The grocery sector is splashing the cash on advertising in the run-up to Christmas but the tactics this year have changed, finds Charlie Wright
Kerry Katona is long gone, of course. But so is Des O'Connor, The Spice Girls, Ant & Dec, Victoria Wood, Paul Whitehouse. Even this year's hottest celebrity Cheryl Cole has been ignored. Food and drink retailers may be splashing the cash on ads this festive season but the tactics look markedly different.
Christmas has historically been a time for supermarkets to show their light, humorous side. But the ads this year are more sparse and to the point, says Billetts head of marketing and insight Richard Hemming. "Spend on branding ads has fallen significantly as supermarkets highlight [tactical] promotions."
The mood was typified by Tesco. It got serious, increasing its combined outlay by almost 29% to £9.2m in November, according to figures supplied exclusively to The Grocer by media monitoring and analysis agency Billetts this week, overtaking Asda in the process to become the heaviest advertiser over the November period.
While the biggest increase in outlay was on TV spend, up 36.7% and featuring short, tactical price-promotion ads, on the press side Tesco also set out its stall in no uncertain terms at the start of the Christmas push on 29 October by booking the first nine ad sites in The Sun, and press advertising was up 21.9%.
Asda also upped its outlay, however, and it was similarly deal-focused. It is trying to convey a consistent value message, explains marketing director Matthew Sinnock. "We've moved away from single-product advertising towards more general pricing messages."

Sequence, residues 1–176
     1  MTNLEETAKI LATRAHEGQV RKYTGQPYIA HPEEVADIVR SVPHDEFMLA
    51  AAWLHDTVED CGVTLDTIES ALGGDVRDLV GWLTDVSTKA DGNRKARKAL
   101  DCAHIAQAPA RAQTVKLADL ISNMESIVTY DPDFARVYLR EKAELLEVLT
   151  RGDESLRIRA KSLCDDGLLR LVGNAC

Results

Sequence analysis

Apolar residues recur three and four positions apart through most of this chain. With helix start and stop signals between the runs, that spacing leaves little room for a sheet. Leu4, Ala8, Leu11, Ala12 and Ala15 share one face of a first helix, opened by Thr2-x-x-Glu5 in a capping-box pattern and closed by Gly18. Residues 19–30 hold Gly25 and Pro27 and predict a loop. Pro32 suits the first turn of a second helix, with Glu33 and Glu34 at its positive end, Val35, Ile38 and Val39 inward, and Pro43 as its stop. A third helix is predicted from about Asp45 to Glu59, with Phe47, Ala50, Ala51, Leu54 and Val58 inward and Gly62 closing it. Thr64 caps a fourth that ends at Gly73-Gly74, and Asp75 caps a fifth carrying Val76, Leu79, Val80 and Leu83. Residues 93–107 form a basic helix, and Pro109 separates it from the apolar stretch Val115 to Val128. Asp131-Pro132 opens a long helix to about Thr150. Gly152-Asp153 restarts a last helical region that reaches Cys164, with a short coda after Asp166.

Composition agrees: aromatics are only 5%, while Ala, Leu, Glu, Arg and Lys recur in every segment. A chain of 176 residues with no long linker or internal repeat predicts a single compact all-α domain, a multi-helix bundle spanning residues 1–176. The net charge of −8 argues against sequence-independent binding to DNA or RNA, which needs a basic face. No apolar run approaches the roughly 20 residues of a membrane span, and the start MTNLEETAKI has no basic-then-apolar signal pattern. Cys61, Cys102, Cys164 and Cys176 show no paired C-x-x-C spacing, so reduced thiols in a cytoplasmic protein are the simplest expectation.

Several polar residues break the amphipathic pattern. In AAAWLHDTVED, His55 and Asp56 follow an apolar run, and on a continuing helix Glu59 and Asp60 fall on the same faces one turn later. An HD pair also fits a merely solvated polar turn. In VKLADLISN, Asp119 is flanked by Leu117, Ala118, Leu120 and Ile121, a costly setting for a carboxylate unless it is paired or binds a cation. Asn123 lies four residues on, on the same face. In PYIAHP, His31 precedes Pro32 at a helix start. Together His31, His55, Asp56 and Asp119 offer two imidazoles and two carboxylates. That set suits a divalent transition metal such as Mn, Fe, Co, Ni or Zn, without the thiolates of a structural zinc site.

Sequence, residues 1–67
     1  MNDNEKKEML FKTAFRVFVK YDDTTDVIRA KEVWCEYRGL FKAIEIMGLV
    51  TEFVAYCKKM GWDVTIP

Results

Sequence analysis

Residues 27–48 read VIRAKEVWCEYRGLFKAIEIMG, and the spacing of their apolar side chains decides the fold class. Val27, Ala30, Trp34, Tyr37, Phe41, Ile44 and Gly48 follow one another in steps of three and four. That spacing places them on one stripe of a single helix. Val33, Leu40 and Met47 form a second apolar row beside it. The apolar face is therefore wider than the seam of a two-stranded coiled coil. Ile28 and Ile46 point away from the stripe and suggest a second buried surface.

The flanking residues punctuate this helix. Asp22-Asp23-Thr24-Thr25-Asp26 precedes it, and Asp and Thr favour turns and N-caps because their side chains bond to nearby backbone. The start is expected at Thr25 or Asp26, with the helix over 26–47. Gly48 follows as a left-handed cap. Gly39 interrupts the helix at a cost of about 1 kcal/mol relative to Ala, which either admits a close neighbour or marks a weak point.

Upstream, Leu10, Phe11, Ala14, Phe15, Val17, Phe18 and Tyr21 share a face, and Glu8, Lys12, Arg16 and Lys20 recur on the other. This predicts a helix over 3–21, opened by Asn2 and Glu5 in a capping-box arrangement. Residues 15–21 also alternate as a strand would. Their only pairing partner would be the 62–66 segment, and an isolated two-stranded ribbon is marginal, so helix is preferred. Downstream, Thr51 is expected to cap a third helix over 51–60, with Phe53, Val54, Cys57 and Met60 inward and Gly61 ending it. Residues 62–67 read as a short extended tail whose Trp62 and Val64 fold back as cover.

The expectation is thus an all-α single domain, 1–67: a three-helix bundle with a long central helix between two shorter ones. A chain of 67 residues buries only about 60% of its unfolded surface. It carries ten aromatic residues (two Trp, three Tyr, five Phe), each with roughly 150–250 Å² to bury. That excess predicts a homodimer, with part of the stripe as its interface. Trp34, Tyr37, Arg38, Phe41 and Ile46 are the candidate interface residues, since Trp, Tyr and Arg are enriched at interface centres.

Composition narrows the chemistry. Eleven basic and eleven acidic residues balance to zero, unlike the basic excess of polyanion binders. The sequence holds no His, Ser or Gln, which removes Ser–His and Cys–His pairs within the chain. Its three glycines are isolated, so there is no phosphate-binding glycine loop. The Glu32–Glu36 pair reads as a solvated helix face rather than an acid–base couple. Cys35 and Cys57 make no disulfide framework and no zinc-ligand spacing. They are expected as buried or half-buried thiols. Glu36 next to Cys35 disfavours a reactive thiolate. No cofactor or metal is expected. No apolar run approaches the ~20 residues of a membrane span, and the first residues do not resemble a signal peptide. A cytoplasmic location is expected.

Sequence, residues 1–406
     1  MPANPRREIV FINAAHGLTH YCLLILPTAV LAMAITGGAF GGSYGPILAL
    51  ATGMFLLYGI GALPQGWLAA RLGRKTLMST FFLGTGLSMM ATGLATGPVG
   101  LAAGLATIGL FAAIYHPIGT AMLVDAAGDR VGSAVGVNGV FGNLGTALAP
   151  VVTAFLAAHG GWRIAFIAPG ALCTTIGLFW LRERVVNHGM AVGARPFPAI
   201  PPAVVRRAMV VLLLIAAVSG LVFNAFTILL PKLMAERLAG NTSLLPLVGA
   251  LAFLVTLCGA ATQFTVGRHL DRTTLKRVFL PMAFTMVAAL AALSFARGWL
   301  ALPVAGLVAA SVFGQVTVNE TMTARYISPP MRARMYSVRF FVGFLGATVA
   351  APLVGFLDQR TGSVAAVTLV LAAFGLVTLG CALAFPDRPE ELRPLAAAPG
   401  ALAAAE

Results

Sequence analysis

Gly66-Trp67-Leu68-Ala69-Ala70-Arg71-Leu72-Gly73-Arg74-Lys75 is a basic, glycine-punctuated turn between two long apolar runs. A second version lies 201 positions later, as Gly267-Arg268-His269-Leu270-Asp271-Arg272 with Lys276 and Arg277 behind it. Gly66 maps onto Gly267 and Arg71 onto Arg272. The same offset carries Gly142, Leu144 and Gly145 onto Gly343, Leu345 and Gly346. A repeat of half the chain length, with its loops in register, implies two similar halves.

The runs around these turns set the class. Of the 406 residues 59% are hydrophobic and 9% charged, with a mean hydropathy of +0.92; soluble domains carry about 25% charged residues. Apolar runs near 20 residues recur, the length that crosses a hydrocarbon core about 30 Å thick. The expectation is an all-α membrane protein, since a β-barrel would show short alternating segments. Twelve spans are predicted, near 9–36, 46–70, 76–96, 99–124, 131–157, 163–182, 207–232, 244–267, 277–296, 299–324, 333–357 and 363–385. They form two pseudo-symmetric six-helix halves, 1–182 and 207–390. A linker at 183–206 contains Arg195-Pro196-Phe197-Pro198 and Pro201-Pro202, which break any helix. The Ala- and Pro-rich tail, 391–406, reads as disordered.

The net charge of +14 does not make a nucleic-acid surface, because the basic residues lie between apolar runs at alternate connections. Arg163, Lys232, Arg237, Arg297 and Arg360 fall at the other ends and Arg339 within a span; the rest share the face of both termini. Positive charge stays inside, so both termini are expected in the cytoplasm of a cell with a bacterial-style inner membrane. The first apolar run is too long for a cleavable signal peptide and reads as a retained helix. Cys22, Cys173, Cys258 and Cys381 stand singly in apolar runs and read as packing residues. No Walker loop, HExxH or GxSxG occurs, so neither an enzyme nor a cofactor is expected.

Of course, celebrities did still feature for some of the supermarkets. The latest extravaganza from Morrisons once again used Richard Hammond alongside Denise Van Outen. Sainsbury's offered up Jamie Oliver in a street scene ad, with Ant & Dec notably absent this time round. Also missing in Iceland's ads was Kerry Katona, with Jason Donovan playing a bigger role in the new party piece.
But in each case TV ad spend actually fell, down 5.2% in the case of Morrisons. And this year has also been notable for the multiples rehashing last year's branded ad campaigns. Take The Co-operative Group. It may have increased spend by 76.6%, making its Good With Food campaign a near-ubiquitous presence on TV screens in November, but as with the creative by Waitrose (featuring troops coming home), viewers had seen the ads 12 months earlier.
A focus on price has always been a feature of Aldi and Lidl's advertising, and here it was simply the scale of the increase that struck, with ad spend doubling in both cases. Lidl's tenfold increase in TV was used to play catch-up against its arch rival; while Aldi's print spend, up 260%, now almost exactly mirrors Lidl's.
The other key change seen in the market in November was the increased importance of press advertising. While TV spend was up 11.4% to £24.4m, print rose 36.4% to £18.7m and among the big four, Sainsbury's, in particular, almost doubled its investment to £2.1m.
"Sainsbury's is adopting a strategy used by Tesco and Morrisons running multiple ads in one issue to dominate readers' consciousness and reinforce their value message," says Hemming.
Press ads, especially within high-circulating titles such as the Daily Mail, Daily Mirror and The Sun, are more suitable in this climate because they drive promotions, and that suits shoppers perfectly, says Neil Jones, director of commercial strategy at News International. "Our readers have been price-led in their decision-making over the past 12 months." It seems hunger for a deal will be every bit as important as food this Christmas.
Only Morrisons takes festive ads down a gear (12 December 2009)